Language and the brain: What we have learned from 30 years of brain imaging

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With the advancement of cognitive neuroscience and the development of modern brain imaging methods in the 1990s, the field of language neurobiology—the study of the relationship between the brain and language functions—has grown immensely and rapidly over the past thirty years, and finds itself at a crossroad with respect to its theoretical underpinning. The main message of our recent article “Broca and Wernicke are Dead, or Moving Past the Classic Model of Language Neurobiology” (Tremblay & Dick, 2016) is that the most historically important model in the field, the Classic “Wernicke-Geschwind” Model, and associated terminology, is no longer useful to guide research and clinical intervention in the field.

A Brief History of the Classic Model

The Classic Model was the first major model of language neurobiology. It has dominated the field of language neurobiology for over 150 years now, guiding both research and clinical interventions and influencing many generations of scientists. The Model was first introduced in Europe in 1861 and in 1874 as a response to an argument about how the brain works that was prevalent in the nineteenth century. At that time, several scientists were opposed to the notion that specific areas of the brain had distinct functions, arguing instead that the brain-as-a-whole worked as one functional unit. This meant that a lesion to one part of the brain could be accommodated by the rest of the brain. Other scientists, often referred to as the localizationists, were convinced that that brain was organized into several functional units and that lesion to one unit would lead to the loss of the specific function served by that unit. This was referred to as the cortical localization of functions.

Though several scientists have contributed to the elaboration of the Classic Model, the contribution of two pioneer physicians is particularly important: the French Pierre Paul Broca (1824–1880), and the German Carl Wernicke (1848–1905). In the 1860s, Broca presented the results of a series of autopsies of patients with difficulties producing language. His analysis revealed localized damage to the left frontal lobes in the perisylvian area, that is, close to the Sylvian fissure (Figure 1). These findings were interpreted as evidence in favour of the cortical localization of function. They were also interpreted as some of the first scientific evidences that language is lateralized to the left hemisphere, a phenomenon that is often referred to as cerebral dominance. A few years later, Wernicke presented evidence that damage to the posterior part of the left superior temporal lobe (the so-called “Wernicke’s area”) is associated with difficulty understanding language, further supporting the notions of cortical localization and cortical dominance. Wernicke, and later Ludwig Lichtheim (1845–1928), also a German physician, elaborated the firsts neurobiological account of human language, laying the foundations of the Classic Model, often referred to as the Wernicke-Lichtheim Model, or sometimes as the Broca-Wernicke Model given the important discoveries made by the two physicians. The model continued to evolve to explain different clinical symptoms. Over one hundred years later, the model was updated and popularized by the American neurologist Norman Geschwind (Geschwind, 1970) to the model presented in Figure 1. This version of the Classic Model is the one that most students are taught in their introductory psychology, linguistics, neuroscience, or medical school textbooks.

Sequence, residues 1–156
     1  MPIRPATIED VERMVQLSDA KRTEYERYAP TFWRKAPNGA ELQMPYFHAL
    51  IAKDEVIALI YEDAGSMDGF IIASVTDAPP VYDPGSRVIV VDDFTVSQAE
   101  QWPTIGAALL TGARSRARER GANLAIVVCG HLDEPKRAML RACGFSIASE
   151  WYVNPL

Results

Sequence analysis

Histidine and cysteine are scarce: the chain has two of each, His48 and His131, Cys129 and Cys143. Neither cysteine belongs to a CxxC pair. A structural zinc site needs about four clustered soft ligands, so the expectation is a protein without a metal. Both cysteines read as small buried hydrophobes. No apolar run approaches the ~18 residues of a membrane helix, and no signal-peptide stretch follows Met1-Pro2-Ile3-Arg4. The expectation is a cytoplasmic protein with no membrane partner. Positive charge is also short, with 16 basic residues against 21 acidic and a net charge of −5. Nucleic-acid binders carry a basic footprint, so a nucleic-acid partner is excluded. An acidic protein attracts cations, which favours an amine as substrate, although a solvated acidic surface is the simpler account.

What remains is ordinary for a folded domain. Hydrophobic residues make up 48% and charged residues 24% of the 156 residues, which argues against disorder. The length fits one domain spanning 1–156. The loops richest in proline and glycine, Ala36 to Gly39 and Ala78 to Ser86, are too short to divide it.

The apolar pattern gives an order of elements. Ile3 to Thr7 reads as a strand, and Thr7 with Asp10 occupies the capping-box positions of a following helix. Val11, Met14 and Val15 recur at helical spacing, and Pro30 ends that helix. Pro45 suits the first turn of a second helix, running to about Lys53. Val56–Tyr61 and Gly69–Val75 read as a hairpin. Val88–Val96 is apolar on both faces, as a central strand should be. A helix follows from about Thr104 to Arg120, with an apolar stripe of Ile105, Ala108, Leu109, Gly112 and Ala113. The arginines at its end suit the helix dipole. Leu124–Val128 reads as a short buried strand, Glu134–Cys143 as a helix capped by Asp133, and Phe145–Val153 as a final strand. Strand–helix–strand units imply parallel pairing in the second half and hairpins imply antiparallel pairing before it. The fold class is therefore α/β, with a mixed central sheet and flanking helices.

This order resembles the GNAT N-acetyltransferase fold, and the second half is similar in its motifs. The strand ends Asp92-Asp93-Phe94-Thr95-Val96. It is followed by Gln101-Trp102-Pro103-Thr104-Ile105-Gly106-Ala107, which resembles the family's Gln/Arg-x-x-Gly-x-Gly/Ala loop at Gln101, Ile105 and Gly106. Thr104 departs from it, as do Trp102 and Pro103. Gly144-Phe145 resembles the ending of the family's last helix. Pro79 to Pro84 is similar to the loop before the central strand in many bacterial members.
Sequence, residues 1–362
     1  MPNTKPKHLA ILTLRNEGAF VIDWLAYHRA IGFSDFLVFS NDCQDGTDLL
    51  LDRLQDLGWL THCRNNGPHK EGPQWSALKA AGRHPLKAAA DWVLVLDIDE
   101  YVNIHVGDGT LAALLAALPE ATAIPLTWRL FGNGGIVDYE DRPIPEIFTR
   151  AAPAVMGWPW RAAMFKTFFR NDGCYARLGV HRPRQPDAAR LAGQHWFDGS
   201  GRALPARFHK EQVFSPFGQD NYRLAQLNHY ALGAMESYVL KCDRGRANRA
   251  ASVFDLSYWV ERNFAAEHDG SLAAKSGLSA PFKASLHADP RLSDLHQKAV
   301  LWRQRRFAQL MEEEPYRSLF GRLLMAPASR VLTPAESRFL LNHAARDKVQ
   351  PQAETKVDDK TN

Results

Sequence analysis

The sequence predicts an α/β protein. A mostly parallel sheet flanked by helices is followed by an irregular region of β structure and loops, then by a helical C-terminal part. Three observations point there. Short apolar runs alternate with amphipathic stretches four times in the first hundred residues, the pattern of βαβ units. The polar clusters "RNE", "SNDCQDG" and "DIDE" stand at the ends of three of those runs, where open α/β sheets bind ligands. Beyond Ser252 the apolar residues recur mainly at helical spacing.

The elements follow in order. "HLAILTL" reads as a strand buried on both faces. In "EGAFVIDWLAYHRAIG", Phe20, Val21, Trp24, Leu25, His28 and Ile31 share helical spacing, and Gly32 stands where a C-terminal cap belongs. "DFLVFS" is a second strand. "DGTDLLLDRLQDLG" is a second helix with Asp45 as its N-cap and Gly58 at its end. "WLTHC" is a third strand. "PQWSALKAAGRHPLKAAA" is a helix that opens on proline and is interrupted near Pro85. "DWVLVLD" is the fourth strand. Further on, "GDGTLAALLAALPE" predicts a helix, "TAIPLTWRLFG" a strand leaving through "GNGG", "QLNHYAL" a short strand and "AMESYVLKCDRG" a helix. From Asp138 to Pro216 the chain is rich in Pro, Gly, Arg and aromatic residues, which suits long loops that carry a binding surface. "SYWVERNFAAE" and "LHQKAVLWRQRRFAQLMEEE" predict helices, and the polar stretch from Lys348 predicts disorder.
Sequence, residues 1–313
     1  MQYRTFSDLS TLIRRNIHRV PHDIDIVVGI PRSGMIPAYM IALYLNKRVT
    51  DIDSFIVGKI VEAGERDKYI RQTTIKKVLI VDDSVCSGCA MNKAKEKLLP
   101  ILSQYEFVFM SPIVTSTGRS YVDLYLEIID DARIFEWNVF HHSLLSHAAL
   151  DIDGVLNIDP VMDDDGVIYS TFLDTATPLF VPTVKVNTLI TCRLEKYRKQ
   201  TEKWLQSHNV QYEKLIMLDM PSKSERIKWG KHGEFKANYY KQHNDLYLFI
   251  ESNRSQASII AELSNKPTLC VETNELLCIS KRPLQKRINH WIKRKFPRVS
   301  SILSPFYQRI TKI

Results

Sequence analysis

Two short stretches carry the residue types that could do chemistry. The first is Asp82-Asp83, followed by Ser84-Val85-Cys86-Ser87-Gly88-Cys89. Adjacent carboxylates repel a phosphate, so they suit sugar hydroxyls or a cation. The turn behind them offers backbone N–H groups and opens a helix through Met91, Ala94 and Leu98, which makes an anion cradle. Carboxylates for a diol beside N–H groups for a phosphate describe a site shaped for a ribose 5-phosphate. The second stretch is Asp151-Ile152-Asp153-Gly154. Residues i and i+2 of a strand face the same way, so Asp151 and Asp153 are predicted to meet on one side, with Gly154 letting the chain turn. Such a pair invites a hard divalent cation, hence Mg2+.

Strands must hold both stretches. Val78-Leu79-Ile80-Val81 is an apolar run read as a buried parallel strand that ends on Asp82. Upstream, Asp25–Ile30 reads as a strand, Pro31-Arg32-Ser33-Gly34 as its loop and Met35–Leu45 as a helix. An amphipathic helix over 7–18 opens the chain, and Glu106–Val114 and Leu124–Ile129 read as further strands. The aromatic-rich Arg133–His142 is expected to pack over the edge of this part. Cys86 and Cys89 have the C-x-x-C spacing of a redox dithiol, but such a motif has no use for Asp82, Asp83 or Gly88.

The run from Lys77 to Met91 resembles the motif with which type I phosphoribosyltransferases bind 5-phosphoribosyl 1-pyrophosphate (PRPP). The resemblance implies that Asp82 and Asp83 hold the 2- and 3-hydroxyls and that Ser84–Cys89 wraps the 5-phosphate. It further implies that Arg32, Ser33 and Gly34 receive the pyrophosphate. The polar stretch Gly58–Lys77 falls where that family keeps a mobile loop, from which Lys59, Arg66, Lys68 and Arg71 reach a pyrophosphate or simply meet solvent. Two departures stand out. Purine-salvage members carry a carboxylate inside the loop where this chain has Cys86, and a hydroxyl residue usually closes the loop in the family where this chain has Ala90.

Figure 1. Representation of the Classic Model as popularized by Normand Geschwind.

Overview of the Criticisms of the Classic Model

The work of pioneer scientists such as Broca, Wernicke and Lichtheim has had a major impact on our understanding of brain/behaviour relationships, and it has influenced the work of several generations of scientists. Yet, 150 years later, and with our modern knowledge of brain anatomy, we argue that the Classic Model suffers from two main issues: (1) it is centred on two “language regions” and one fibre pathway (the arcuate fasciculus; see Figure 3), and (2) the precision of the model is too limited to test specific hypotheses about brain/language relationships. Our main take-home message is that keeping alive a model so outdated has a detrimental impact on research in the field of the neurobiology of language and has presented an oversimplified model of language neurobiology to the public. This is why we argue in favour of abandoning the model and associated terminology. In the next section, we will lay the foundations for these claims.